• A basic set of kitchen scales. If you can get digital, make sure it can manage 2 gram increments, up to 2kg. I've got cheap, robust ones for dough, and accurate digital ones for things like salt, where you need to be precise. Note:You will find that you can get away with measuring spoons for the finer measurements. They are cheap and can be purchased in any supermarket.
I should also mention here that scales are not absolutely necessary. Most of my recipes work on one kilo or half kilo measurements, so 'guesstimates' can be good enough. Ultimately, though, if the bread bug bites, you will want to get some scales. The ones pictured here cost me $20 and have lasted about 2 years so far!
  • A large plastic or stainless steel sieve for 'dusting'. Make sure the mesh is quite fine, to prevent lots of flour falling through.
  • A 1 litre measuring jug - preferably see through. I like plastic because they tend not to break like glass can (and does). Some people like stainless jugs - my guess is these people may well be aesthetes, and these jugs are durable. You just can't see what's in them from the outside!
  • A nylon floor scrubbing brush to scrub dough from your hands. There are gentler ways, like using disposable foodservice gloves, or wet tea towels - but if you get the right kind of scrubber, it will be your best bakery friend! These are also very handy when it comes to scrubbing tubs and bowls which have accumulated dough and flour residue on them. The one pictured here has very soft bristles, and does not hurt your hands when used.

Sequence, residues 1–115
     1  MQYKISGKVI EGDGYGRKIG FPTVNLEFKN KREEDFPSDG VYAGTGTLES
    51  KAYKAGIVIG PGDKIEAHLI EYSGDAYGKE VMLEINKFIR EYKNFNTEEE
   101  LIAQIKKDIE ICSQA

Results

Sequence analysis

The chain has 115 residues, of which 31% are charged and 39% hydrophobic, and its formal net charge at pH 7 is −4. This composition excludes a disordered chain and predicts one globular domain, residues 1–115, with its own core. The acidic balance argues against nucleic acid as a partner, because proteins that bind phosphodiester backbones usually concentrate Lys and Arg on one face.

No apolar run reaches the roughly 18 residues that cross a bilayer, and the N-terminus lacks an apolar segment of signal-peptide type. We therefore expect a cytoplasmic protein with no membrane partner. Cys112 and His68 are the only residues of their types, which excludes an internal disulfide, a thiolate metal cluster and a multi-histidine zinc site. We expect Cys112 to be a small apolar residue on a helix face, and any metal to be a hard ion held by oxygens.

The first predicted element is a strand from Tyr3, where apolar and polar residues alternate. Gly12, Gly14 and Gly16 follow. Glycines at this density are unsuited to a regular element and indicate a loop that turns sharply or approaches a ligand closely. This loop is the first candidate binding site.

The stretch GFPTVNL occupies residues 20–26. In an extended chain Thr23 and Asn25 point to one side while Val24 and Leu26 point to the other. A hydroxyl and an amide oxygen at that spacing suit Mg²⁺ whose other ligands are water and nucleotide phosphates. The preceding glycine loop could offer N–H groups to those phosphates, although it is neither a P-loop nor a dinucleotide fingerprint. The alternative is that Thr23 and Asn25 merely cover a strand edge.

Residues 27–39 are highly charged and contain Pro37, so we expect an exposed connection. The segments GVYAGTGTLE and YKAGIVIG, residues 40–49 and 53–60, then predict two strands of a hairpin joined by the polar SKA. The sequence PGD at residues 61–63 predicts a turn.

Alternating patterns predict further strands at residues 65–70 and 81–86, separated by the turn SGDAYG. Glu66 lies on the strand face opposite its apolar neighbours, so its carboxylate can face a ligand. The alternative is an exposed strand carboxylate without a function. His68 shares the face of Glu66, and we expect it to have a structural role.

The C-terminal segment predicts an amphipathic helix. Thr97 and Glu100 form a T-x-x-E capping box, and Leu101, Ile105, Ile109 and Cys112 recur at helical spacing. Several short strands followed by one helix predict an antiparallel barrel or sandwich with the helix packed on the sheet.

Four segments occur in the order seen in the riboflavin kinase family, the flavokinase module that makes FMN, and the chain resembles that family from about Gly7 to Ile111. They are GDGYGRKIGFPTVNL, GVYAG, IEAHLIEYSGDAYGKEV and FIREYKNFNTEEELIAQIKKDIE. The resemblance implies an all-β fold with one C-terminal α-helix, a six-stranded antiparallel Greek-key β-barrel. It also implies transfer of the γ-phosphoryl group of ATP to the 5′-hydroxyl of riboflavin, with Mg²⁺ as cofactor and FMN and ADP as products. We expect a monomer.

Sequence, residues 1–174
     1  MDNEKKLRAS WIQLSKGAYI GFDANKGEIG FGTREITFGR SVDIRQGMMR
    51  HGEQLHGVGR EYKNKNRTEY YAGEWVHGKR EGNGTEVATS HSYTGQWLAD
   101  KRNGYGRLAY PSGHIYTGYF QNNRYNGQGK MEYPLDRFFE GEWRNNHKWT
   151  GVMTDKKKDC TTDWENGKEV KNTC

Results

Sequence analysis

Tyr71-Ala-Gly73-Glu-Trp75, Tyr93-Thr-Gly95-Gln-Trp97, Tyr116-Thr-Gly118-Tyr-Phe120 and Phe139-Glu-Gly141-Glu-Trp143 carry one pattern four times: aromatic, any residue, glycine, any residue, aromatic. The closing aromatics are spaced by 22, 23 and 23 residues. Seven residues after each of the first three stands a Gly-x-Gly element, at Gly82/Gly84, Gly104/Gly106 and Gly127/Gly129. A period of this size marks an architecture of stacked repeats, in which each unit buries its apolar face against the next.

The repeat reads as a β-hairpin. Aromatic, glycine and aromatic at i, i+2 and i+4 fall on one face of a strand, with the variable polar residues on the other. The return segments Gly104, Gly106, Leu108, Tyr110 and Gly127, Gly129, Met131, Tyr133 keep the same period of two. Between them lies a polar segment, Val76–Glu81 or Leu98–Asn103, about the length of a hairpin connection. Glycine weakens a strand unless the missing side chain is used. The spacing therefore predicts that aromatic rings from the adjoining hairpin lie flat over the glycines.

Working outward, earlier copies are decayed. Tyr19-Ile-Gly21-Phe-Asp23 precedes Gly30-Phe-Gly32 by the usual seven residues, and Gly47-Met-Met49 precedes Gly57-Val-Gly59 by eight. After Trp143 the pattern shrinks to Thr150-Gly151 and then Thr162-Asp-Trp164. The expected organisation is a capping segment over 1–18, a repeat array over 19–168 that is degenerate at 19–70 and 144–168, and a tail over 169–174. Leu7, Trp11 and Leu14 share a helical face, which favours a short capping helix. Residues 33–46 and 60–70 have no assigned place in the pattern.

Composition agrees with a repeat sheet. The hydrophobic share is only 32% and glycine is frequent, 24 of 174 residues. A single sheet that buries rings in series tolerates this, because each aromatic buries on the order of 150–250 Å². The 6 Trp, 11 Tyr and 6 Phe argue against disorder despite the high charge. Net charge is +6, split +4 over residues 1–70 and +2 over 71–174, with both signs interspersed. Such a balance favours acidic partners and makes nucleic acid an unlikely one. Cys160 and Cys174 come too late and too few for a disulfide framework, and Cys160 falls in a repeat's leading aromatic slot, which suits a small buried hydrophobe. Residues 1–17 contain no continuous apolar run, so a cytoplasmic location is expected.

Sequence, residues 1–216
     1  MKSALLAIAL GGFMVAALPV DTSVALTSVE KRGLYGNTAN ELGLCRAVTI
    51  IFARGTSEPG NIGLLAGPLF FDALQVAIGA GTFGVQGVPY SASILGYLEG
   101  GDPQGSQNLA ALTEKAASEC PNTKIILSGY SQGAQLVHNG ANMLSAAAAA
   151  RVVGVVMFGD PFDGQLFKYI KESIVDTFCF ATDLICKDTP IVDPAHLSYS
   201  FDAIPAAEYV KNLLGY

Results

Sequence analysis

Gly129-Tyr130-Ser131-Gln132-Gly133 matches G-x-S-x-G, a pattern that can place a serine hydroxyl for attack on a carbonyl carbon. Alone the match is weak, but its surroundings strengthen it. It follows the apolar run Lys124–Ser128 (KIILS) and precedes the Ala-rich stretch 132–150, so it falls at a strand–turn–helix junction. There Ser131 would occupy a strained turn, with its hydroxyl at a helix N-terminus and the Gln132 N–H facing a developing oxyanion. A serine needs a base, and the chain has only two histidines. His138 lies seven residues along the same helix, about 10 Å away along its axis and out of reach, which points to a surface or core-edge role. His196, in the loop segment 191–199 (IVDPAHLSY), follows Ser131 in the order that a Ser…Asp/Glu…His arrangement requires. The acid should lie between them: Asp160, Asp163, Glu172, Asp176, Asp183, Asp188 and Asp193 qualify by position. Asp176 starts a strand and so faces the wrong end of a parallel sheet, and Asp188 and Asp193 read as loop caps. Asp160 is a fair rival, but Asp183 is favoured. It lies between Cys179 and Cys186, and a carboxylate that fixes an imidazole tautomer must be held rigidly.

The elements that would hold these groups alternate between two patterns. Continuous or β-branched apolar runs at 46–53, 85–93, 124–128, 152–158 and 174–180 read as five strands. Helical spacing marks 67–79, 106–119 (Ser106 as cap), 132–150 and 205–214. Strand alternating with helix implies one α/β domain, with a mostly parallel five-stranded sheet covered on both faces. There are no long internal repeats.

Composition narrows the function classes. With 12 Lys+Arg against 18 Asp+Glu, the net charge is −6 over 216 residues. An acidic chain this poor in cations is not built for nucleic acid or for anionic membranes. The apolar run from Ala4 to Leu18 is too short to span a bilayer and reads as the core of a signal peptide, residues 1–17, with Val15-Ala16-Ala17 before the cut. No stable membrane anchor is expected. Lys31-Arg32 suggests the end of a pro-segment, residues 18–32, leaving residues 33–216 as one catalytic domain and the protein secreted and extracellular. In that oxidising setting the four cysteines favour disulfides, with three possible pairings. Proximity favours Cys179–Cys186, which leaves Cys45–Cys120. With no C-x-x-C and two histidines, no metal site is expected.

• A serrated bread knife and a bread board for slicing your freshly baked bread!
These are the very basic pieces of equipment, enough to get you started. As you progress, you'll want (or need) other bits and pieces. A few of these are listed here:

Some Optional Extras
  • A probe thermometer which has a narrow temperature range - say from zero centigrade to 50 degrees. This is handy for diagnosing what might be going wrong with your dough, or for achieving better consistency from batch to batch. I'll talk more about this later.
  • A flat baking sheet - either stainless steel, aluminium or silicone - for batards and viennas, platts, cobs and other shapes. Please bear in mind that 'free form' breads require a bit more skill, both in doughmaking and dough handling. However, once you get the basics right, you'll want to turn out really professional looking breads, and a sheet is definitely an asset at this point.
  • A water sprayer for moistening your finished formed dough prior to dusting with flour. I still just wipe mine with wet hands - but each to their own, I guess!
  • A paring knife for slashing your dough prior to baking. Any sharp knife will do, though.
  • A large, round bowl, either stainless steel, porcelaine or plastic for kneading in. I haven't included this as an essential item, because the plastic box I mentioned earlier will suffice, and takes up less space in the kitchen. But a nice large (and I'm talking 60cm across the top) bowl, with a flat base is certainly nice to use for mixing dough.
If you want to know more about making sourdough bread, check out my new website at:

Ok. That's about it for today. Once you've assembled this stuff, you'll be ready to make sourdough bread!